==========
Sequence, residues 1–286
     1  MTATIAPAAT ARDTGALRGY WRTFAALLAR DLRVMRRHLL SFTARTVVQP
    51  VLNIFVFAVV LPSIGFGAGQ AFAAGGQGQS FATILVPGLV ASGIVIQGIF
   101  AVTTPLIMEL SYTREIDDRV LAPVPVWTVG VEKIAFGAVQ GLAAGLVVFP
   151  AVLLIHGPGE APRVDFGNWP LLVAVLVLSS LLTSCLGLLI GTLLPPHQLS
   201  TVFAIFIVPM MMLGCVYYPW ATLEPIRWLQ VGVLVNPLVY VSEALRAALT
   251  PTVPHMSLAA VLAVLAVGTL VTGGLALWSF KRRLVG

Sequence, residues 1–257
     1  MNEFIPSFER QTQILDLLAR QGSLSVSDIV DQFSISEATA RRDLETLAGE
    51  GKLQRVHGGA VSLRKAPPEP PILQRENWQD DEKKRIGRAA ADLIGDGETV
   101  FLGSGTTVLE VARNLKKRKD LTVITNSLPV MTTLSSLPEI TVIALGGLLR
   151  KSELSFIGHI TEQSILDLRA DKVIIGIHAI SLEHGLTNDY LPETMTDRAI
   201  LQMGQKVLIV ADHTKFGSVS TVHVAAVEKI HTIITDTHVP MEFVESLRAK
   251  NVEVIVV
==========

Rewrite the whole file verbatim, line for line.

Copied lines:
Sequence, residues 1–286
     1  MTATIAPAAT ARDTGALRGY WRTFAALLAR DLRVMRRHLL SFTARTVVQP
    51  VLNIFVFAVV LPSIGFGAGQ AFAAGGQGQS FATILVPGLV ASGIVIQGIF
   101  AVTTPLIMEL SYTREIDDRV LAPVPVWTVG VEKIAFGAVQ GLAAGLVVFP
   151  AVLLIHGPGE APRVDFGNWP LLVAVLVLSS LLTSCLGLLI GTLLPPHQLS
   201  TVFAIFIVPM MMLGCVYYPW ATLEPIRWLQ VGVLVNPLVY VSEALRAALT
   251  PTVPHMSLAA VLAVLAVGTL VTGGLALWSF KRRLVG

Sequence, residues 1–257
     1  MNEFIPSFER QTQILDLLAR QGSLSVSDIV DQFSISEATA RRDLETLAGE
    51  GKLQRVHGGA VSLRKAPPEP PILQRENWQD DEKKRIGRAA ADLIGDGETV
   101  FLGSGTTVLE VARNLKKRKD LTVITNSLPV MTTLSSLPEI TVIALGGLLR
   151  KSELSFIGHI TEQSILDLRA DKVIIGIHAI SLEHGLTNDY LPETMTDRAI
   201  LQMGQKVLIV ADHTKFGSVS TVHVAAVEKI HTIITDTHVP MEFVESLRAK
   251  NVEVIVV